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Abortion-inducing drug ban advances in Oklahoma legislature

The Oklahoma State Capitol
Jackie Fortier
The Oklahoma State Capitol

A bill that would make it a felony for non-medical professionals to deliver abortion-inducing drugs passed the Oklahoma House floor on party lines with a vote of 77-18.

Mothers would not be prosecuted for obtaining an abortion-inducing drug under House Bill 3013 from Representative Denise Crosswhite Hader (R-Piedmont). Instead, she said the bill is meant to target people who provide these pills to mothers, whether that’s through sharing the medication or delivering it through the mail.

The penalty for what is being called “abortion trafficking” could be up to $100,000 in fines, ten years in prison or both.

“What we’ve talked about is that we stopped all abortions in here, and we don't have them,” Crosswhite Hader said. “What has stopped is surgical abortions. What has not stopped is chemical abortions.”

Requests for self-managed medication abortions have risen since Roe v. Wade was overturned and have particularly grown in states with total abortion bans, like Oklahoma. The state, for example, saw a nearly 216% increase per week in self-managed medication abortions in Oklahoma through the telemedicine nonprofit Aid Access, according to a 2022 study.

Crosswhite Hader provided clarification on how the bill would be enforced if signed into law. She said she consulted with the Oklahoma Bureau of Narcotics, although enforcement wouldn’t fall under its jurisdiction.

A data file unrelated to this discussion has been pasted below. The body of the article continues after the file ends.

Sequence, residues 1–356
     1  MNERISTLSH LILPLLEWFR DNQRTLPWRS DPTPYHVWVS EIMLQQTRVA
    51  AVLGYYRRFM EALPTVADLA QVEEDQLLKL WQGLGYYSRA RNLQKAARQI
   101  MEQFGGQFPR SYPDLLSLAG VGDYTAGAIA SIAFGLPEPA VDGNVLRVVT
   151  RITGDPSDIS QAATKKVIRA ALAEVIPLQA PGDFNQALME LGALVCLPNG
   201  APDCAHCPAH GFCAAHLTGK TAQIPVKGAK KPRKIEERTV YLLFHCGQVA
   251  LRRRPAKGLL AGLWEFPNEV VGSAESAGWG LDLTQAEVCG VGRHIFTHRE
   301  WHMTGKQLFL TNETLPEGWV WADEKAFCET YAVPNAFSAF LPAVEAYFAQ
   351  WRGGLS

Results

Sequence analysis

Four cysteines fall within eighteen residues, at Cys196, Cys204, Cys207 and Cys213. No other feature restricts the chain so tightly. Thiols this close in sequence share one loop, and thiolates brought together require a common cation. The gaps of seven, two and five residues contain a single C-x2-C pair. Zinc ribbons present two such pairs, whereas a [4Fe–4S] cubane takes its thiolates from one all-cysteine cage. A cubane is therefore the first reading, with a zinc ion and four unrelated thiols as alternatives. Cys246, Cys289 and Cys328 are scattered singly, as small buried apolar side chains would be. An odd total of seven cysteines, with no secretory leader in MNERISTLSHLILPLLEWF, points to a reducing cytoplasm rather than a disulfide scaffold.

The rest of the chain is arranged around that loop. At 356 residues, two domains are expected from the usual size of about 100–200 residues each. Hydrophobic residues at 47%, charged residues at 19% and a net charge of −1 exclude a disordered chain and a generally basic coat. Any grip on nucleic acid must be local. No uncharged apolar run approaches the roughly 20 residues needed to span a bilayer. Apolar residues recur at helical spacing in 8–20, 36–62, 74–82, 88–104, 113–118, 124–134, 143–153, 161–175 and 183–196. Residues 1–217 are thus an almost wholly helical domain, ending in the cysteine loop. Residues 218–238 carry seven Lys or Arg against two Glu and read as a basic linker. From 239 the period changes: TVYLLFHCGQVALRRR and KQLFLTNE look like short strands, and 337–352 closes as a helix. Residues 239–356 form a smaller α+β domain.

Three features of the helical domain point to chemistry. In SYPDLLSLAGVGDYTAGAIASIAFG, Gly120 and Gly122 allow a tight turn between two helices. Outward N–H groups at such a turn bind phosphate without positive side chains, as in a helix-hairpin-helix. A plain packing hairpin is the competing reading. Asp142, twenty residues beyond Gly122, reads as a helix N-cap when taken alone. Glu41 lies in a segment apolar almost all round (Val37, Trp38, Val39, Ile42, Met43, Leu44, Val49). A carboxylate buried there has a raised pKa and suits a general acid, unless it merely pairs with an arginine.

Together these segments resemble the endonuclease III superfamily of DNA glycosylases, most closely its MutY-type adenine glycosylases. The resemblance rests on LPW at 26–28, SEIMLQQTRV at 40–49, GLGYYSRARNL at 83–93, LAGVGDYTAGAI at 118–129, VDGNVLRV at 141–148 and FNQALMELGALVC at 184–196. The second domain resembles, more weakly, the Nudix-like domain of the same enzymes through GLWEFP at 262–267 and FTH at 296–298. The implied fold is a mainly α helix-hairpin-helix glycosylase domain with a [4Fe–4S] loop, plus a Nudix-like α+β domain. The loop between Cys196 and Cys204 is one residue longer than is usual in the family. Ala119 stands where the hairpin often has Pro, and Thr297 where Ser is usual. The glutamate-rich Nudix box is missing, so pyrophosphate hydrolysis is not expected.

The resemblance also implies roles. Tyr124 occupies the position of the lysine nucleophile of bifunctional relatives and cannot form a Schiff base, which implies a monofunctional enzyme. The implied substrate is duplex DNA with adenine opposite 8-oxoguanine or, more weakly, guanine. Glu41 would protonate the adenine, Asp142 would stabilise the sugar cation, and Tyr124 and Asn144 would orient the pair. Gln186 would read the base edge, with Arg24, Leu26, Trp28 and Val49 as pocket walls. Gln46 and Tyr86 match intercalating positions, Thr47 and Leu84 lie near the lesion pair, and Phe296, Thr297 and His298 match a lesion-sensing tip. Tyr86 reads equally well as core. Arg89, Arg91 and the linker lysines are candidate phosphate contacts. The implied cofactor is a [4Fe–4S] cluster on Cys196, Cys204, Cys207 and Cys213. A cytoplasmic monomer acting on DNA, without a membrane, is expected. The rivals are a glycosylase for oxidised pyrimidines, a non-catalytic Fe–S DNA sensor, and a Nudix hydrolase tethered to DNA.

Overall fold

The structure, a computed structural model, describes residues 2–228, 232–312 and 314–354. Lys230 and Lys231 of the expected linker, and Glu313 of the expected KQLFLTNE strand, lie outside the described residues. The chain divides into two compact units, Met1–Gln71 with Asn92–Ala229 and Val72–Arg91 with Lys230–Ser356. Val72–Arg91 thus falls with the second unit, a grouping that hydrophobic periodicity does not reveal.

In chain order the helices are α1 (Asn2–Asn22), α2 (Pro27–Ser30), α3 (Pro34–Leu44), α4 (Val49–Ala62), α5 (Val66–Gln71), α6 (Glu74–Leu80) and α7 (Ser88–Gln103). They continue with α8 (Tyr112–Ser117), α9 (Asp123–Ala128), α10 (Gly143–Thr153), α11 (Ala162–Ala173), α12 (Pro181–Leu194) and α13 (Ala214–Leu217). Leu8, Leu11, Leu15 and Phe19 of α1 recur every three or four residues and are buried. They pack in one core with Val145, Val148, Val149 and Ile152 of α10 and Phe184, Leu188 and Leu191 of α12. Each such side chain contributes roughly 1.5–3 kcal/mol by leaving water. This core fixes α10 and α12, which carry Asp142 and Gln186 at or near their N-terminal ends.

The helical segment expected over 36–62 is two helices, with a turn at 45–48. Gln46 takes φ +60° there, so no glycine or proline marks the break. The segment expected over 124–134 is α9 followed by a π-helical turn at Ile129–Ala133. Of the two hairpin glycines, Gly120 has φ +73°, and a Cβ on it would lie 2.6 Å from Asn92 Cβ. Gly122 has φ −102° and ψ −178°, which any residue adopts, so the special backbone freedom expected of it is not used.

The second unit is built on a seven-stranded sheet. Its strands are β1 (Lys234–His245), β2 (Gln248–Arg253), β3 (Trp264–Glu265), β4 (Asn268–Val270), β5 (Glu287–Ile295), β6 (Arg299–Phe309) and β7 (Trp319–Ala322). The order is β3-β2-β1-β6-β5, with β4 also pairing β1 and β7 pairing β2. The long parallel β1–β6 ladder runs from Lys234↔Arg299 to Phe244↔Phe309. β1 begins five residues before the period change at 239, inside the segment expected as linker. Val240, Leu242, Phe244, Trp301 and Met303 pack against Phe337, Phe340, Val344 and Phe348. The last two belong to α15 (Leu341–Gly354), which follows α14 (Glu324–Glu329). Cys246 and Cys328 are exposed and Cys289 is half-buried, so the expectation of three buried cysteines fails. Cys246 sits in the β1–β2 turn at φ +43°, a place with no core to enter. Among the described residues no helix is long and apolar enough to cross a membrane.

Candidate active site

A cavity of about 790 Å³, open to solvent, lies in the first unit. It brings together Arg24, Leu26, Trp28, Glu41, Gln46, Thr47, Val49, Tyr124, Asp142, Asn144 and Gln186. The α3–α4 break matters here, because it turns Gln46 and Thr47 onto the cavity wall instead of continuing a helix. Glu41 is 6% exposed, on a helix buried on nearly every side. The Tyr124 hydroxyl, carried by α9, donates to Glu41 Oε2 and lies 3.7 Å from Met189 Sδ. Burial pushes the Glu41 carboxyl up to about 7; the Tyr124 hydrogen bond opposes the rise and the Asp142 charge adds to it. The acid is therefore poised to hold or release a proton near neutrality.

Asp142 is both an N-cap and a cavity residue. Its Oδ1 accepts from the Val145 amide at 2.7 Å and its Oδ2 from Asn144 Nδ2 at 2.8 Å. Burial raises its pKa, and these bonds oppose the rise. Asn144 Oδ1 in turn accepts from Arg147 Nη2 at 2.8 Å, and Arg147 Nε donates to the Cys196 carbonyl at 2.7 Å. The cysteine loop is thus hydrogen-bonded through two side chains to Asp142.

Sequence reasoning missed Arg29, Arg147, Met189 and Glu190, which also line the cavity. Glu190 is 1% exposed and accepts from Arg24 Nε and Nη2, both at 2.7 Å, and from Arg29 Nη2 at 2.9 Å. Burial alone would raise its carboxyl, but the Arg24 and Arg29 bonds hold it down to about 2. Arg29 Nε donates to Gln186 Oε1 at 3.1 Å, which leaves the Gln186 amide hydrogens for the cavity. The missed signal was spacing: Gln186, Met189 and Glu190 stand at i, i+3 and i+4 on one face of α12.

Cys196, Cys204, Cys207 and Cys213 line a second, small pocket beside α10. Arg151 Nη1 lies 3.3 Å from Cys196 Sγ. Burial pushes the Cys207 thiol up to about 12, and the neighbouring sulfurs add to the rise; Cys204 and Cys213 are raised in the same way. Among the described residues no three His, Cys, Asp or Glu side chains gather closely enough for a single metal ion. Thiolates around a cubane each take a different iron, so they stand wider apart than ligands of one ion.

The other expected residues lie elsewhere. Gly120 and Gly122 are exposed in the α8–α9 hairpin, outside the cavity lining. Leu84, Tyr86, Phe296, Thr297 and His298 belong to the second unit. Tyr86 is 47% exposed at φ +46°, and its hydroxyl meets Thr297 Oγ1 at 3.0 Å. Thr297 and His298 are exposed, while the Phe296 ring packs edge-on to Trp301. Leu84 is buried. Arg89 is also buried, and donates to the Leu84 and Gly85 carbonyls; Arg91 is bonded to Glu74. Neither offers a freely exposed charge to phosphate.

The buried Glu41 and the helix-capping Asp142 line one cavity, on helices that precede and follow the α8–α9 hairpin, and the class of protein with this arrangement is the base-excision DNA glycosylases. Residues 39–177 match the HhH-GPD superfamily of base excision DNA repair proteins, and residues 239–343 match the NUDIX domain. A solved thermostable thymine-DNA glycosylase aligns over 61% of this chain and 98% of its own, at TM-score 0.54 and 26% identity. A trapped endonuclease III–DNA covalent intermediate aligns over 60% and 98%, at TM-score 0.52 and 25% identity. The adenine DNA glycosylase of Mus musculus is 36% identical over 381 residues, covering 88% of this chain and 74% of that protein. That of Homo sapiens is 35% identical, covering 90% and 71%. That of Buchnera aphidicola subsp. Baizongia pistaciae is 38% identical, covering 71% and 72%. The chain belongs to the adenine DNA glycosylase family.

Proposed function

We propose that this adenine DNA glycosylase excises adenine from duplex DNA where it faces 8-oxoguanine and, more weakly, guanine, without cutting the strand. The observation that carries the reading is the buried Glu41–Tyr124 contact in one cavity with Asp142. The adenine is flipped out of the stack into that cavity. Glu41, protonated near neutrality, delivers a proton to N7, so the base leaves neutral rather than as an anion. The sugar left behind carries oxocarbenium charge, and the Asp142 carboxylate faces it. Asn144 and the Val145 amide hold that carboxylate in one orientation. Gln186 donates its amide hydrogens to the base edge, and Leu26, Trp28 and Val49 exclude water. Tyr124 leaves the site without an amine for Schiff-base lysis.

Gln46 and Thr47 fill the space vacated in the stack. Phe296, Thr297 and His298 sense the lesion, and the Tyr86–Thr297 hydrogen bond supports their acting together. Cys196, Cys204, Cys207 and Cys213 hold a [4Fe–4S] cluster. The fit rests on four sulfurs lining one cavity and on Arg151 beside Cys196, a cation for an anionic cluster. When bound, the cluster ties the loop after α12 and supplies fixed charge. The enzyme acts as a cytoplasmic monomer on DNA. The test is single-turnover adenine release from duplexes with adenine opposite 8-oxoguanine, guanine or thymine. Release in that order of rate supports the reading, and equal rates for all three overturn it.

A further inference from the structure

The Oklahoma Bureau of Narcotics Public Information Officer Mark Woodward told StateImpact Crosswhite Hader called him asking how the bureau detects controlled substances in the mail. He said drug dogs might detect them, or packages could break, leading to an investigation.

Because the pills included in the bill — misoprostol and methotrexate — are not controlled substances, Woodward said the enforcement of HB 3013 wouldn’t fall under the bureau’s jurisdiction. He also said it might be trickier because drug dogs aren’t trained to detect those medications. Law enforcement would likely have to rely on things like broken packages and tips from sources in other states identifying someone who is delivering the pills.

Misoprostol and methotrexate help treat things like ulcers and arthritis, and the bill protects those uses. An amendment to the bill also protects contraceptives and medications like Plan B. Crosswhite Hader said intent in causing an unlawful abortion is what will define cases of abortion trafficking.

“If you look at the bill, in several places, it talks about intent. … Just like marijuana, we have some places where marijuana now in this state is legal, but we also have regulations where it's not legal, and that's where our law enforcement makes those differences,” Crosswhite Hader said.

Democrats like House Minority Leader Cyndi Munson (D-Oklahoma City) said this is another way to restrict access to abortion in a state that already prevents it unless it's to preserve a mother's life.

“This is why I keep coming back to the person seeking the medication because she can't get it under the care of a doctor unless it's under the law of what we have said is OK,” Munson said. “We're limiting again what a woman can do and how she can access care.”

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Jillian Taylor has been StateImpact Oklahoma's health reporter since August 2023.
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